With the increase of information, document classification as one of the methods of text mining, plays vital role in many management and organizing information. Document classification is the process of assigning a document to one or more predefined category labels. Document classification includes different parts such as text processing, term selection, term weighting and final classification. The accuracy of document classification is very important. Thus improvement in each part of classification should lead to better results and higher precision. Term weighting has a great impact on the accuracy of the classification. Most of the existing weighting methods exploit the statistical information of terms in documents and do not consider semantic relations between words. In this paper, an automated document classification system is presented that uses a novel term weighting method based on semantic relations between terms. To evaluate the proposed method, three standard Persian corpuses are used. Experiment results show 2 to 4 percent improvement in classification accuracy compared with the best previous designed system for Persian documents.
Book covers are usually the very first impression to its readers and they often convey important information about the content of the book. Book genre classification based on its cover would be utterly beneficial to many modern retrieval systems, considering that the complete digitization of books is an extremely expensive task. At the same time, it is also an extremely challenging task due to the following reasons: First, there exists a wide variety of book genres, many of which are not concretely defined. Second, book covers, as graphic designs, vary in many different ways such as colors, styles, textual information, etc, even for books of the same genre. Third, book cover designs may vary due to many external factors such as country, culture, target reader populations, etc. With the growing competitiveness in the book industry, the book cover designers and typographers push the cover designs to its limit in the hope of attracting sales. The cover-based book classification systems become a particularly exciting research topic in recent years. In this paper, we propose a multi-modal deep learning framework to solve this problem. The contribution of this paper is four-fold. First, our method adds an extra modality by extracting texts automatically from the book covers. Second, image-based and text-based, state-of-the-art models are evaluated thoroughly for the task of book cover classification. Third, we develop an efficient and salable multi-modal framework based on the images and texts shown on the covers only. Fourth, a thorough analysis of the experimental results is given and future works to improve the performance is suggested. The results show that the multi-modal framework significantly outperforms the current state-of-the-art image-based models. However, more efforts and resources are needed for this classification task in order to reach a satisfactory level.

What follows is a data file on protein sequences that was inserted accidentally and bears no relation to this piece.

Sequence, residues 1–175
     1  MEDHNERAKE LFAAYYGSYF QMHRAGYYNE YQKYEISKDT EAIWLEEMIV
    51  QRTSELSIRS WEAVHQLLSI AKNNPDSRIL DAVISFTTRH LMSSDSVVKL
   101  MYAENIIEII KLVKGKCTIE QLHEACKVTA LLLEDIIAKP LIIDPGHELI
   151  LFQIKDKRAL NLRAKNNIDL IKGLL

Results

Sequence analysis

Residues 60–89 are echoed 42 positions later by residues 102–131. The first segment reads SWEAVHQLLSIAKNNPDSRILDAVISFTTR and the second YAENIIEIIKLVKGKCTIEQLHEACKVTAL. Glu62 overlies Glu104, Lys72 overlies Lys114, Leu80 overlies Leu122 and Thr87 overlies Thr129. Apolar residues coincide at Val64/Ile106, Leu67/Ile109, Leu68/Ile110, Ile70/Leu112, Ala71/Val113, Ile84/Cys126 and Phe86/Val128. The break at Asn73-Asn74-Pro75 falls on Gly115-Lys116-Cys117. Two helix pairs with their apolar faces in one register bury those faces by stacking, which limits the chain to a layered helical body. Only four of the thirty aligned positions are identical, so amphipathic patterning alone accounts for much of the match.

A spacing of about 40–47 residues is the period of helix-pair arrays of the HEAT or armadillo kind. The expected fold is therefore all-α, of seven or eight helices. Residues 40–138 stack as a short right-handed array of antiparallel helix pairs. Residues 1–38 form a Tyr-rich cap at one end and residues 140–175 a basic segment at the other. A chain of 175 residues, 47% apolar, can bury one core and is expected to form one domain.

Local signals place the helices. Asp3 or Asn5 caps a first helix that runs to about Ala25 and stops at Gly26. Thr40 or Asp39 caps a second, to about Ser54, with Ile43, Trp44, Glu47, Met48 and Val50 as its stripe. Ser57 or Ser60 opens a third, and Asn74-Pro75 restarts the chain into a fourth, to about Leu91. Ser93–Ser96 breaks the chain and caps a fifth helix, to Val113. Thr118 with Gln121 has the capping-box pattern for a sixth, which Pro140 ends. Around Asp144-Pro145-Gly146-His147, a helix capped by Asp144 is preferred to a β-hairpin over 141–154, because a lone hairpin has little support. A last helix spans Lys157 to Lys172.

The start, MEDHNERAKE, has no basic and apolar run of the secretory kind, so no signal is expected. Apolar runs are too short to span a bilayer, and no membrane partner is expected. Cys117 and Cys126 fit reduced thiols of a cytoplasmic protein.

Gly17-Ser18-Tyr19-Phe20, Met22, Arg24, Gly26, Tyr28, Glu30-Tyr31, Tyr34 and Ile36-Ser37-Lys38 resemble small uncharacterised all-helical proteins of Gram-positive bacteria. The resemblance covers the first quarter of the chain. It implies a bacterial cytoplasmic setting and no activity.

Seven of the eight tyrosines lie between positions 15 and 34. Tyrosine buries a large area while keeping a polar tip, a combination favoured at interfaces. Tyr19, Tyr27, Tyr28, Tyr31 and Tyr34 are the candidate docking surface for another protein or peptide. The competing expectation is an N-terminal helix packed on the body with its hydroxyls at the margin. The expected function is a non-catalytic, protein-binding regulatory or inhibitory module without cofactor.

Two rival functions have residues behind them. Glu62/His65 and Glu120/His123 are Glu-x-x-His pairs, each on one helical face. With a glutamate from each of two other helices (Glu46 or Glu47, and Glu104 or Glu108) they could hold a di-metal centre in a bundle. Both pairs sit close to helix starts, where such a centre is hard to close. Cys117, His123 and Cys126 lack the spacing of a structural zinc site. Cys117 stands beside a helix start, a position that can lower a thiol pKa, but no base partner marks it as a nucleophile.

In this paper, we propose a novel approach for text classification based on clustering word embeddings, inspired by the bag of visual words model, which is widely used in computer vision. After each word in a collection of documents is represented as word vector using a pre-trained word embeddings model, a k-means algorithm is applied on the word vectors in order to obtain a fixed-size set of clusters. The centroid of each cluster is interpreted as a super word embedding that embodies all the semantically related word vectors in a certain region of the embedding space. Every embedded word in the collection of documents is then assigned to the nearest cluster centroid. In the end, each document is represented as a bag of super word embeddings by computing the frequency of each super word embedding in the respective document. We also diverge from the idea of building a single vocabulary for the entire collection of documents, and propose to build class-specific vocabularies for better performance. Using this kind of representation, we report results on two text mining tasks, namely text categorization by topic and polarity classification. On both tasks, our model yields better performance than the standard bag of words.
Research has shown that Convolutional Neural Networks (CNN) can be effectively applied to text classification as part of a predictive coding protocol. That said, most research to date has been conducted on data sets with short documents that do not reflect the variety of documents in real world document reviews. Using data from four actual reviews with documents of varying lengths, we compared CNN with other popular machine learning algorithms for text classification, including Logistic Regression, Support Vector Machine, and Random Forest. For each data set, classification models were trained with different training sample sizes using different learning algorithms. These models were then evaluated using a large randomly sampled test set of documents, and the results were compared using precision and recall curves. Our study demonstrates that CNN performed well, but that there was no single algorithm that performed the best across the combination of data sets and training sample sizes. These results will help advance research into the legal profession's use of machine learning algorithms that maximize performance.